Augmenting Social Reality for Lifelong Learning
This talk is a featured presentation of the National Science Foundation Research Experience for Undergraduates (NSF REU) on Computational Methods for Understanding Music, Media, and Minds. This event is free and open to all faculty, staff, students and community members.
Lunch is sponsored by the Goergen Institute for Data Science. Please register to ensure we order enough food for everyone.
Abstract: Learning is a social endeavor. Social interaction provides special learning resources to raise motivation, knowledge awareness, critical thinking, and conflict resolution. Such learning resource, however, is less accessible for people with underdeveloped social skills such as students with autism, as well as students from underrepresented groups such as ethnic minority, female and low social-economic status. Learning is situated in the immediate social reality. It, therefore, remains challenging to facilitate learning as thoughts and feelings are hidden between people, tightly mapped with the physical space, and subject to change in response to spontaneous and complex flow of social interaction.
In this talk, I will describe my research exploring the design space of, what I called Augmented Social Reality, which elevates lifelong learning skills for students with diverse abilities and backgrounds, through technology-enhanced social cognition and social interaction situated in the immediate physical and social environments. I will focus on two projects. The first augments pretend play through augmented and tangible user interface to help develop “theory of mind” for young children with and without autism in imaginative play. The second, “Sensing Curiosity in Play and Responding”, uses theory and data driven approaches to elaborate fine-grained peer-peer interaction dynamics that lead to positive curiosity change, and to design a peer-like collaborative embodied conversational agent to foster curiosity in small-group STEM learning. Through these projects, I will reflect on the interdisciplinary opportunities and future directions of designing accessible and supportive social reality for better learning, work and life to approach complex challenges and change environments.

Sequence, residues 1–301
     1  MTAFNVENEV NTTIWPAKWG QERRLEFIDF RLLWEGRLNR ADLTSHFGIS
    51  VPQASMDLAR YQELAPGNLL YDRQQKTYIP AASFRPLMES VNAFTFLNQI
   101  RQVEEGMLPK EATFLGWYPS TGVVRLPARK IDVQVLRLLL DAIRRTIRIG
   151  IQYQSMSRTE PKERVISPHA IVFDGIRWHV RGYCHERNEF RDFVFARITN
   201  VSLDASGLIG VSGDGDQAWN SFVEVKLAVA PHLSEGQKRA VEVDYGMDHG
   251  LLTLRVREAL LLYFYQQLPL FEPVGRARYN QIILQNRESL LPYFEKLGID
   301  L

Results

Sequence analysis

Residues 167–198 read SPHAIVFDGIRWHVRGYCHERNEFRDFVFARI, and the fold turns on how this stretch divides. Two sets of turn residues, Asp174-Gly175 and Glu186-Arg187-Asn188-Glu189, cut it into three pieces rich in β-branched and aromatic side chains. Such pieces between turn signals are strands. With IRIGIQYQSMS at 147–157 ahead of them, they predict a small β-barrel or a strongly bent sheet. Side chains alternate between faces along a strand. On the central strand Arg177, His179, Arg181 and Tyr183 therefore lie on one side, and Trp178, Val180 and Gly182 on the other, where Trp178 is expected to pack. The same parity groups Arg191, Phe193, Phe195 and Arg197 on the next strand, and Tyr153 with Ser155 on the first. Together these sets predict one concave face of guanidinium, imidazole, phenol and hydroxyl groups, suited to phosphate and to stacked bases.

Bio: Zhen Bai is an assistant professor co-leading the ROCHCI group with the Department of Computer Science at University of Rochester. Zhen received her PhD from the Graphics & Interaction Group at the University of Cambridge in 2015, and was a postdoctoral fellow of the Human-Computer Interaction Institute and the Language Technology Institute at Carnegie Mellon University before joining the University of Rochester.
Wednesday, June 19 at 12:00pm to 1:00pm
Hutchison Hall, Lander Auditorium 140
Hutchison Hall, Rochester, NY
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